NEW HAVEN >> There’s a lot going on the last weekend of April — from the Cherry Blossom and Daffodil festivals to comedy stars Don Rickles and Paula Poundstone at the casinos — but the most tuneful stage production is at the Shubert Theater in the touring musical “We Will Rock You.” And a Connecticut guy will be in the middle of it.
P.J. Griffith of suburban South Windsor plays a villainous operative in the show, which was originally created a dozen years ago by British comedian and writer Ben Elton (“Mr. Bean”) with the musical supervision of surviving members of the rock group Queen, Brian May and Roger Taylor.
It was originally panned by British reviewers, but on the strength of its great Queen songs (“Another One Bites The Dust,” “Crazy Little Thing Called Love,” “We Are The Champions,” “Bohemian Rhapsody”), it became a long-running hit anyway in West London and eventually 17 countries.
“I play Khashoggi,” said Griffith in a phone interview last week. “I help run the Globalsoft Corp., and we basically have crushed all real music and individual thought on the iPlanet, this dystopian, Orwellian setup … And this kid (Galileo Figaro) basically breaks free of the system and starts a revolution that (revives) rock ’n’ roll.”
There are 24 of Queen’s hits shoehorned into the setting of this future Earth controlled by a mighty corporation where individuality is taboo and music is generated by proprietary computers.
The U.S. tour, updated by Elton for audiences here with topical pop-cultural references such as reality TV and twerking, began in October and continues until August, Griffith said. For this spring weekend, it is five spirited shows in New Haven from Friday through Sunday.
“I’m really excited to be doing this in Connecticut,” Griffith said, “because … this is the closest we’ve been to home, by a landslide.”
Elton, in a release, said of the changes from the London show, “There is a scene where our two leads run away and discuss their loneliness and isolation. In 2013, it seemed ridiculous for two kids to discuss friendship without reference to Facebook. Young people now live in a world where it’s possible to have many virtual ‘friends’ and ‘likes’ and yet still be entirely isolated and alone. The new dialogue with this changed emphasis brought the song ‘You’re My Best Friend’ into the show.”
Son of Phil and Gail Griffith of South Windsor, P.J. Griffith said with pride that he has a lot of family from South Windsor to Wethersfield and “half of Hartford County is coming to this show at the Shubert.”
Just don’t expect a lot of plot or a quiet evening.
“The show is nuts,” said Griffith, on his way from New York to Providence, R.I., via Amtrak for the show’s run there. “It’s not like a normal musical. It’s kind of like a 2½-hour party/rock concert. Audiences go crazy, especially in the last half-hour of the show when a lot of the big Queen hits come out and the fourth wall kind of breaks down and people are screaming at the stage.”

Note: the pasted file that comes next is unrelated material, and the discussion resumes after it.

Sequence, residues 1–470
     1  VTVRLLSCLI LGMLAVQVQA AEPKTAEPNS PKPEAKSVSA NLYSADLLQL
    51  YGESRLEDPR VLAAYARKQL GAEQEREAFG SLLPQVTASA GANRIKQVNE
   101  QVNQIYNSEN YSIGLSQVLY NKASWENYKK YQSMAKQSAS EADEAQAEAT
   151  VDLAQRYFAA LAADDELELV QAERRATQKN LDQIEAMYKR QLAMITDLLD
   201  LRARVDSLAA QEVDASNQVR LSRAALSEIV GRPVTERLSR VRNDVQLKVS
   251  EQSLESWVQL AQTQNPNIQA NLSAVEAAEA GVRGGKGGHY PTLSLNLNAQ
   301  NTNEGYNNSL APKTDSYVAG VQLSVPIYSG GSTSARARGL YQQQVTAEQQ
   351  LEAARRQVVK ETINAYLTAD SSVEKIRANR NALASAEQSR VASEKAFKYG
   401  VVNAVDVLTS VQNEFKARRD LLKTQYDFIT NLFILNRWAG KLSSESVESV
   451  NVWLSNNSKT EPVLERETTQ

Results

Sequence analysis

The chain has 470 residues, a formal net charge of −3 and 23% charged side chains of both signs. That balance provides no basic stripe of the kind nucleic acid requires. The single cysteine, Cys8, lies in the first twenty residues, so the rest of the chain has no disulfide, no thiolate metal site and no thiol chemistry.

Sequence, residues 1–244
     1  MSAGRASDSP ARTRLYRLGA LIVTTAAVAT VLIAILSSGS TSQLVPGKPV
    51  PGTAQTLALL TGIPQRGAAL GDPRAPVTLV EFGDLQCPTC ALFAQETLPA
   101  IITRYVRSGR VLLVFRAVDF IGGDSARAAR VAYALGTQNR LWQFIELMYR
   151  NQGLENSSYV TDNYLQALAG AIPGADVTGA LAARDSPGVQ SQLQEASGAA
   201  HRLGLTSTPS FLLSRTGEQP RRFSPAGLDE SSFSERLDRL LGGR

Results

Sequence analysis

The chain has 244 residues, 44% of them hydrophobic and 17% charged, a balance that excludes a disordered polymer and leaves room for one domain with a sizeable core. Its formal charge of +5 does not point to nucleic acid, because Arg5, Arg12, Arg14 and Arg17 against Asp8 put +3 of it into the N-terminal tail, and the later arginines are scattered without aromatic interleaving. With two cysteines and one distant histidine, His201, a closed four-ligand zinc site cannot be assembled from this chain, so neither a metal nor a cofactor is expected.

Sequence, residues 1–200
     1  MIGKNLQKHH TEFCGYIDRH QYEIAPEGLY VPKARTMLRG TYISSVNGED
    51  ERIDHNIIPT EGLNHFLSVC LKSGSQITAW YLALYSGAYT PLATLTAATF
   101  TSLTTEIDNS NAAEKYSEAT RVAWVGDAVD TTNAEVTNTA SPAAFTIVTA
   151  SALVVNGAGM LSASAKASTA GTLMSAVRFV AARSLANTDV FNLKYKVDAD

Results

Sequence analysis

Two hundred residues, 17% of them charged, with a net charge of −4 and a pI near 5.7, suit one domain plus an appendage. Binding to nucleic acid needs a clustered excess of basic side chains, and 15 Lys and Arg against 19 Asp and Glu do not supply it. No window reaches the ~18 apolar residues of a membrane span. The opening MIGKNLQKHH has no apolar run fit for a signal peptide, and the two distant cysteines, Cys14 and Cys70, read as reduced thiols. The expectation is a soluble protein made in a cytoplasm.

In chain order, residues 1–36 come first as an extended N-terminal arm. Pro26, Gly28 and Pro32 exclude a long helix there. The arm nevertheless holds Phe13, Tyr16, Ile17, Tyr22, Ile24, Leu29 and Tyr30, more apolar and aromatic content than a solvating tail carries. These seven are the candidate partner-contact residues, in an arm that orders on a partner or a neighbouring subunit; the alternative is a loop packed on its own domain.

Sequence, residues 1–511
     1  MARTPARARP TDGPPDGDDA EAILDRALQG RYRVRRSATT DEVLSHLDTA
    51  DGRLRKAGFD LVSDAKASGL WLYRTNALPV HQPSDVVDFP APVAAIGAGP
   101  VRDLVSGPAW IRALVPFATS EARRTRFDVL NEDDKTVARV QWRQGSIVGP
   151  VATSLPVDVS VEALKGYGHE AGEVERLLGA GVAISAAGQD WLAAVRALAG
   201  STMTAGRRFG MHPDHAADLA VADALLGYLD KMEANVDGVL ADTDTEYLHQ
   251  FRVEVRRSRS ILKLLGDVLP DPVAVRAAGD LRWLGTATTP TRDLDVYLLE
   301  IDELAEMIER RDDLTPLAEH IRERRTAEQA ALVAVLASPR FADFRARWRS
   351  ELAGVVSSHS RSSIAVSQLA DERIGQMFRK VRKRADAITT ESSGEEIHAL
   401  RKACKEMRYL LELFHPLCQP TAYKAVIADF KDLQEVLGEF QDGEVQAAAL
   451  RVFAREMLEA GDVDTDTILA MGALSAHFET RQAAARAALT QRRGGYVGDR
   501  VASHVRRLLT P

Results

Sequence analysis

Griffith, 33, did theater “in a fantastic, fantastic drama program” at South Windsor High School and recalls visits to southern Connecticut to attend shows at Oakdale in Wallingford and the very theater where he will perform professionally Friday, the Shubert. He went on to NYU to study acting and at 22 was cast in a touring production of “Mamma Mia!”
Since then, he has appeared in a few TV shows (as a suspect in “Without a Trace” and a soon-to-be-reprised role of a motorcyle-riding pastor in “The Good Wife”), had a brief on-screen role as a sniper in the movie “The Dark Knight Rises,” played in the rock band Blue Movie and done musical theater (“American Idiot” on Broadway, “Giant” in Dallas and “Rent” in Los Angeles).
The bad-boy roles, sometimes in dark eyeliner, seem to suit him just fine.
“I’ve played a lot of rock villains … on Broadway and off-Broadway and just kind of carved a niche out for playing a lot of (such) villains,” he said. “This is a really funny one; I’ve got some really funny over-the-top moments in this. I put Bohemians in laser cages and drain their brains, but I’m secretly, beneath it all, in love with rock ’n’ roll.”
He chuckles thinking about the night before (between tour stops), when he and his wife attended a New York performance of the opera “La Boheme” at the Met.
“And we’re like, ‘Wow, our show is definitely not ‘La Boheme’ on any level whatsoever.’”
Then again, you could draw a line from the bohemians in “La Boheme” to those in “Rent” to the futuristic bohemians in “We Will Rock You.”
“I LOVE the bombastic rock ’n’ roll, the prog-rock stuff … early metal,” he said. And he could also relate to the “over-the-top” operatic moments, too: “The performers were unbelievable last night; it was a mind-blowing performance.”
Griffith gets to say (and yell) a lot during the show, and sings a couple of the lesser-known Queen songs, “Seven Seas of Rhye” and “It’s a Kind of Magic,” which was heard in the movie “Highlander.”
The cast includes Brian Justin Crum as Galileo, Ruby Lewis as Galileo’s sarcastic love interest Scaramouche and Jacqueline Arnold as Killer Queen.
Show times are Friday at 8 p.m., Saturday at 2 and 8 p.m. and Sunday at 1 and 6:30 p.m. It is sponsored by Bank of America, New Haven Register and News 8-WTNH. Tickets ($15-$118) are available at shubert.com, 203-562-5666 and at the Shubert Box Office, 247 College St., New Haven.
Sunday evening’s finale will also be the last musical notes to grace the Shubert stage until it reopens after renovations in late fall. This season would generally be wrapping up anyway in May, but the touring show will lead to construction work soon for the venerable theater approaching its 100th birthday, officials said.
IF YOU GO
Event: “We Will Rock You”
When: 8 p.m. Friday, 2 and 8 p.m. Saturday, 1 and 6:30 p.m. Sunday
Where: Shubert Theater, 247 College St., New Haven
Info: shubert.com, 203-562-5666Tags: concert, movie, music, release, tour, tv